In addition, the Lord gives a spiritual gift to every true believer (1 Corinthians 12). However, in addition to the gift itself, I believe that each believer has a passion area for the exercise of his gift. A young man may have the gift of teaching and find great freedom and affirmation as he teaches young adults. Yet, when he has the opportunity to teach preschool children or senior adults, he finds this expression of his gifts taxing and tedious. In the same way, for instance, someone could thoroughly enjoy the evangelism opportunities of international contexts much more than going on cold calls during Tuesday evening outreach at church.

Psalm 37:4 says, "Delight yourself in the Lord, and He will give you the desires of your heart." I think that this verse teaches at least two important truths. One is that the source of the desires in the heart of a person who is delighting himself in the Lord is God Himself. When we are delighting ourselves in Him, He places desires in our hearts that He wants to fulfill. When our hearts are right, He guides us by giving us godly desires. The second truth is that God gave us the desire because He wants to fulfill it. So, one can legitimately say that God guides us by our desires when we are delighting ourselves in Him. Of course, a person who is delighting himself in sin cannot claim this verse. Therefore, in discerning this missionary call, the question is often, "What do you desire to do?"

While a passionate desire and commitment to be a missionary is an indicator of God's guidance in that direction, a true call will have other markers. The believers in your home church should also see God's leading in your life. A passionate desire and commitment to serve overseas may be present for other reasons. Godly counsel and discernment is needed to know God's will.

Church Support

In addition to the awareness, the commands, and a passionate desire and commitment, those who have a missionary call should also have the blessing of their local church. When you become a believer, you should unite with an evangelical church where you can enjoy the fellowship and counsel of that congregation. These fellow believers in your local church will recognize the gifts and calling in your life if God is calling you to missions. A pastor in Venezuela told me that his convention of churches had some concern about a couple of men who went out from their country as missionaries to Asia. The first one returned after a few months having decided that God had not called him to missions after all. After a few more months, the second young man did the same. The pastor told me that their new policy is to ask missionary candidates who say God has called them to China, for instance, to work with the Chinese in Caracas for a year. If they still feel that God has called them there and their local church sees the gifts and affirms the calling, then the convention will send them. Many mission agencies have learned that if someone does not have a missions heart at home, nothing magical happens when they buckle the seat belt on the airplane. They will get off the plane the same person they were when they got on it. A missionary candidate's home church should be able to see a desire to share the gospel, an interest in internationals, a willingness to learn new languages, and an unceasing burden for the lost around the world. Yet, there is still more to the missionary call. Those with the awareness of the need and Christ's commands, a concern for the lost, and a commitment to God's will should also be overwhelmed with a desire for it.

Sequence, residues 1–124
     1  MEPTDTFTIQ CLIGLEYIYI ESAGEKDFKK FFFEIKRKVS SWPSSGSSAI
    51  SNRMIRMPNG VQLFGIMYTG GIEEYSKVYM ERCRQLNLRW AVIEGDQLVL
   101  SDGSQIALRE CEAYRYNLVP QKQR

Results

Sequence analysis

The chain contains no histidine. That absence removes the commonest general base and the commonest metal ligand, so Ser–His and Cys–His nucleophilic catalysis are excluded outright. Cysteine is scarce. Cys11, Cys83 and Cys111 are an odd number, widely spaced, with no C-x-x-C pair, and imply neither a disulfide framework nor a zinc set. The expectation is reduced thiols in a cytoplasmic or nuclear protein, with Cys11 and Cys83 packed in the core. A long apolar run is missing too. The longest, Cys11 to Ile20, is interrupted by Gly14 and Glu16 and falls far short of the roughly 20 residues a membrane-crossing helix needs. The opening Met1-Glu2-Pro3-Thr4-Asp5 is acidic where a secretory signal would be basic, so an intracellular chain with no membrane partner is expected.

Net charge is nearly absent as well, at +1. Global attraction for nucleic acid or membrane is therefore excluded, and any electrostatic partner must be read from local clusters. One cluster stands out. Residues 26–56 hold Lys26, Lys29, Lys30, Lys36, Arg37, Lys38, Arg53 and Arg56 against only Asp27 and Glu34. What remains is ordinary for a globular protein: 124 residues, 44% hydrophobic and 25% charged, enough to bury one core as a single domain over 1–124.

Excerpted from The Missionary Call by M. David Sills. Copyright © 2008 M. David Sills. Excerpted by permission of Moody Publishers.
All rights reserved. No part of this excerpt may be reproduced or reprinted without permission in writing from the publisher.
Excerpts are provided by Dial-A-Book Inc. solely for the personal use of visitors to this web site.

Meet the Author

M. DAVID SILLS (Belhaven College; New Orleans Baptist Theological Seminary; Reformed Theological Seminary) is a professor at Southern Baptist Theological Seminary. He joined Southern Seminary after serving as a missionary in Ecuador. Dr. Sills is the author of The Missionary Call and two books on the Highland Quichua: Quichuas de la Sierra and Capacitacion Pastoral En La Cultura Quichua. David and his wife, Mary, have two grown children.

Customer Reviews

Average Review:

Write a Review

and post it to your social network


Most Helpful Customer Reviews

See all customer reviews >

Missionary Call: Find Your Place in God's Plan for the World 5 out of 5 based on 0 ratings. 3 reviews.
Anonymous More than 1 year ago
Anonymous More than 1 year ago
Grea book for anyone contemplating the mission field!
Anonymous More than 1 year ago
This is an excellent book for anyone who thinks they may be called to missions or simply desires to learn more about what it means to be called to missions. Sills never says that a call to missions looks like "x" nor does he say that a call has to be through a burning bush experience. Having served on the mission field and as he serves a proffessor of missions at a seminary, he really helps his reader understand and sift through all the emotions and questions involved. This is also a great book for family members of those who are called to international missions. It is not a complicated read and is very insigtful